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"an inquiry into the lives of nine masters of suspense..."

The Dangerous Edge

by Gavin Lambert

Grossman Publishers
A Division of the Viking Press
New York

Chapter Five

Night Vision - Georges Simenon

INTERVIEWER: ...I often hear people ask about the violence in modern fiction. I'm all for it, but I'd like to ask why you write of it.
SIMENON: We are accustomed to see people driven to their limit.
Interview with Georges Simenon, The Paris Review

As a child he saw his country and his parents driven to their limit. The Germans occupied Belgium in 1914. An atmosphere of concealed violence occupied his family, creating the same kind of pressure as a strong wind that blows day after day and fills the air with brittle dust and haze. Simenon's father worked for an insurance company in the ugly industrial town of Liège. Since he had a weak heart the company refused to insure its own employee. He kept his condition a secret, and his wife found something mysterious and exasperating in his detachment and his refusal to behave like a man interested in success. It increased her terror of poverty, and the devout Catholic plunged into the role of family martyr-saviour, taking in lodgers (and cheating them), persuading a Jesuit school to educate her son at reduced fees because she wanted him to become a priest, ruining her own health in a desperate attempt to put away enough money to start a bakery business. Simenon was nineteen when his father died and the truth came out. His verdict on the situation appears in Pedigree (1948), a book conceived as autobiography and then recast as autobiographical fiction.

Accused of failure and weakness during so much of his life, the father has discovered the strength of tranquillity. The threat of death is even transformed into a kind of blessing that extends his capacity for happiness. The mother complains that he has 'no antennae' but lacks them herself, since a hunger for security never allows her to look beyond appearances. As misunderstanding drives each of them to the limits of patience and anxiety, the son feels a terrible atmosphere of non-communication and is unable to account for it. The mystery sends him into helpless rages and its solution leaves him with a desire to escape from a world suddenly revealed as false and cruel, judging without perceiving, equating respectability with material success.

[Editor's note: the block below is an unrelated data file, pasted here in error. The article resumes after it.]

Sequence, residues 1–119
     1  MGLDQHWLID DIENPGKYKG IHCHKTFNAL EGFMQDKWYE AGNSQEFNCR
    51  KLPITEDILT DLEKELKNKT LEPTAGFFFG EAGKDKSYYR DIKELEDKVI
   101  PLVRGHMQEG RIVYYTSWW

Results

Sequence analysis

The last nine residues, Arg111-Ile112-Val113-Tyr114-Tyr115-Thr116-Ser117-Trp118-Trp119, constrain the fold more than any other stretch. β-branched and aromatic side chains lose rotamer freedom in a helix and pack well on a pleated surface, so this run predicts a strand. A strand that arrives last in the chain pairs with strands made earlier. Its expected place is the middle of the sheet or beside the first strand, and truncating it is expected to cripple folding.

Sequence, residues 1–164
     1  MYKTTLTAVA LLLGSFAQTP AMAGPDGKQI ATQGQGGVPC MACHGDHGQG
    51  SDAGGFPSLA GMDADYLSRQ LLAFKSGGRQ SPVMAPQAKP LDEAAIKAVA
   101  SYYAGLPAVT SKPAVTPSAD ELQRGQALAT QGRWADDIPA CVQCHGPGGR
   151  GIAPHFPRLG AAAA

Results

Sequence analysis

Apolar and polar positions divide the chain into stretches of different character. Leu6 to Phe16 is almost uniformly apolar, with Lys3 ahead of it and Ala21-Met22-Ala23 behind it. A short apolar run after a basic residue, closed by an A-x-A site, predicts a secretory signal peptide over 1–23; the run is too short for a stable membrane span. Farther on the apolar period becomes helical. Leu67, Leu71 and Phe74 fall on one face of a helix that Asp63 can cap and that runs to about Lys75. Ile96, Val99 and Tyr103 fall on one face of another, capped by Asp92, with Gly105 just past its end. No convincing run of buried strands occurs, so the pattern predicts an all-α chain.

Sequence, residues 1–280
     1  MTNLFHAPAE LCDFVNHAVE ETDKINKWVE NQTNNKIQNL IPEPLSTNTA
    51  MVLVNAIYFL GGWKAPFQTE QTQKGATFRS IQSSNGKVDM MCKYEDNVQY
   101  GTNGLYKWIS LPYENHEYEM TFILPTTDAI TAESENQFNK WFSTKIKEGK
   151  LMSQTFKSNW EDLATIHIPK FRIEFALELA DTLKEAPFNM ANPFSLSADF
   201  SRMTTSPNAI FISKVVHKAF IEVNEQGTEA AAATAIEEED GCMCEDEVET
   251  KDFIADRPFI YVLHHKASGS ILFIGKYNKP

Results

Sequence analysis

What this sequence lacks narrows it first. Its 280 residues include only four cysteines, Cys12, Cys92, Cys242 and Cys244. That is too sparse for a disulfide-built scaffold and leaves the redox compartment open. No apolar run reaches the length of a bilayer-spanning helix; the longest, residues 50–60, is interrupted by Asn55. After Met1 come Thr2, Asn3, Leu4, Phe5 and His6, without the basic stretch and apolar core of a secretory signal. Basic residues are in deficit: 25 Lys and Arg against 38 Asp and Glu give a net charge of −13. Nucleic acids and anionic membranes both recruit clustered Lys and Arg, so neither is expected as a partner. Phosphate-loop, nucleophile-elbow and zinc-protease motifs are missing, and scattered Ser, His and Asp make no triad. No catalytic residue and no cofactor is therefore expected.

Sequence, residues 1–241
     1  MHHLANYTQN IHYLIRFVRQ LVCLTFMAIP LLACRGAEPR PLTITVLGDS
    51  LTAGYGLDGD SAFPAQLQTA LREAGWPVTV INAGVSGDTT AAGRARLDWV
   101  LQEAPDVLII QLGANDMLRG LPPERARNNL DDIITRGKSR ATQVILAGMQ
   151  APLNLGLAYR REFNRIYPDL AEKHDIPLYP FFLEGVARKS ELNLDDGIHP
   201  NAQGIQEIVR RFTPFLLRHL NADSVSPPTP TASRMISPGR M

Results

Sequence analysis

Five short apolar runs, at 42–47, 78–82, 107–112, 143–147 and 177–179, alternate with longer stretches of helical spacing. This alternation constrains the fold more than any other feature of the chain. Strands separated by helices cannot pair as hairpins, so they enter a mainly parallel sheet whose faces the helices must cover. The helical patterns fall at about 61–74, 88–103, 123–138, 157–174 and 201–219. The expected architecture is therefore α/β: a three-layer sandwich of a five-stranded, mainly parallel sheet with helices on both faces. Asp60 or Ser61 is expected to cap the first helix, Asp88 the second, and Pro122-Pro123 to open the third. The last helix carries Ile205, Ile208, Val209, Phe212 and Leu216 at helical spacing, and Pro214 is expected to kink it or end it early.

In his notebooks that he kept during the early sixties, Simenon recalls the 'Religion and Morality with capitals' that afflicted his adolescence, and explains that he turned his back on them because they turned their backs on reality. 'The naked man' recurs as his favourite image of reality. Moral conventions, fantasies about God and the devil, are ways of clothing someone with artificial fears. Reality strips him bare, alone with his basic fear of himself.

He begins to explore this reality while writing pulp fantasies, serial novels and short stories for newspapers. It is 1923. A year after his father's death he has married a painter, Regina Renchon, and escaped to Paris. He is twenty. He agrees to give precedence to his wife's career, leaving her free to paint what she likes while he writes only for money, disguising himself under various pseudonyms, most often as Georges Sim. The sacrifice is also a convenience. Sim feels that all he knows of life comes from two cities, Liège and Paris, and it's not enough to make him Simenon. Discovering a facility for inventing plots, he mass-produces at a fantastic pace, writing a novel in a couple of days and a short story in a morning.

Behind this intensity he recognizes an inherited fear, his mother's dread of poverty. One part of himself remains attached to middle-class values, another encourages him to escape into different lives. Human curiosity is bound up with fascination for the opposite of middle-class existence, the world of rejects and outcasts.

At sixteen, as an apprentice reporter for the Gazette de Liège, he already felt its pull. Walking home at night, he often passed houses drably respectable from the outside, with curtains not fully drawn across their street-level windows. But instead of a glimpse of family life and an aspidistra in a brass urn, a dim light revealed a girl sitting in a chair. At the sound of approaching footsteps, she always looked up. The young reporter always moved on, since two women supplied him with regular sexual satisfaction at the time. Several weeks later, he stopped. A black prostitute waited in the chair that night and the sight of negro flesh aroused the desire for a new experience.

Another distraction from provincial life: getting drunk once a week with a group of young writers and painters who called themselves La Caque (The Keg). Believers in alcohol, anarchism and their own genius, they idealized the poet of criminals, François Villon. In a disreputable section of town, professional criminals hung out in cafes — but only Simenon among the group felt impelled to move from the abstract to the real, sitting by himself and watching them at close quarters. When he followed them through the streets they became suspicious, yet somehow he escaped physical attack.